reviewers say it's still lightweight and easy to set up, the Ultra Lite is less
than half the price of the Baby Bjorn Travel Crib Light and
the Guava Family Lotus Travel Crib. It's available in gray with a
gender-neutral chevron pattern.
Like its more expensive competitors, the Ultra Lite has a
carrying case for easier travel. It has a shoulder strap that parents like, but
the case is slightly bulkier and isn't carry-on friendly for air travel. At 15
pounds, it's also a couple pounds heavier than the Bjorn and Lotus, but still
half the weight of many pack ‘n plays. Hollie Schultz of Baby Gizmo says
"there's no tricky business" about setup -- the crib pops open easily and legs
automatically snap into position. Assembled, it's about 40 inches long and 27.5
The Ultra Lite comes with an incline sleeper that clips onto
the top of the crib frame and has its own machine-washable padding. Reviewers
love this feature, saying it's ideal for smaller babies who tend to sleep more
soundly at a slight angle. It also includes a portable changing pad that can be
stored in a side pocket. The mattress is thin like those found in a traditional
pack ‘n play, and some parents worry that it's too firm to be comfortable.
Fisher-Price recommends using the Ultra Lite with children
who are less than 35 inches and cannot climb out of the crib. Parents should
stop using the incline sleeper feature once their babies start to roll over or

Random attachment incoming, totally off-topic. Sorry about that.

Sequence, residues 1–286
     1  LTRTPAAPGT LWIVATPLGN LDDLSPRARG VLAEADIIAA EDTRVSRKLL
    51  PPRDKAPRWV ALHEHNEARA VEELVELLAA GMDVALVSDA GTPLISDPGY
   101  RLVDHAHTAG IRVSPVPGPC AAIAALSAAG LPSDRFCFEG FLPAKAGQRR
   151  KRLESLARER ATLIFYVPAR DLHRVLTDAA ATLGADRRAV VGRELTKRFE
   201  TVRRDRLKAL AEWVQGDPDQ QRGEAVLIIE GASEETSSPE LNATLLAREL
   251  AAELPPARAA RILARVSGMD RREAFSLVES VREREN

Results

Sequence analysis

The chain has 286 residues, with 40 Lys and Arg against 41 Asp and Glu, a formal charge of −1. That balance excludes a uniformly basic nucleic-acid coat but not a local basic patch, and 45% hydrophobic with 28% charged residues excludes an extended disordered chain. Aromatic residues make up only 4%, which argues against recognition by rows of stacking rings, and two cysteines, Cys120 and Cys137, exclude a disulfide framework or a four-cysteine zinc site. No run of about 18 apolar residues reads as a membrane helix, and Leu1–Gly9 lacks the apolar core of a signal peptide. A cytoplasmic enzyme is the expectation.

can pull up on the sides -- typically around 5 months, according to
Fisher-Price. Though many reviewers report buying a different mattress pad for
the Ultra Lite, Fisher-Price warns against using anything other than the
provided mattress pad in the crib to minimize suffocation risks. Baby Gizmo's
Schultz says the crib feels quite stable, and reviewers agree that there's
minimal risk that it will tip over.
Expert & User Review Sources
While there aren't many expert opinions on mini cribs, expert reviews of
portable and travel cribs abound. Some of the most useful sources include
in-depth tests from Baby Gear Lab, The Nightlight and Baby Gizmo, as well as roundups based on lots of parent feedback from sources
such as Baby Bargains, Baby Center, Lucie's List and Baby List. Most valuable, however, are parents' reviews from sources including Amazon, Target, and Buy Buy Baby.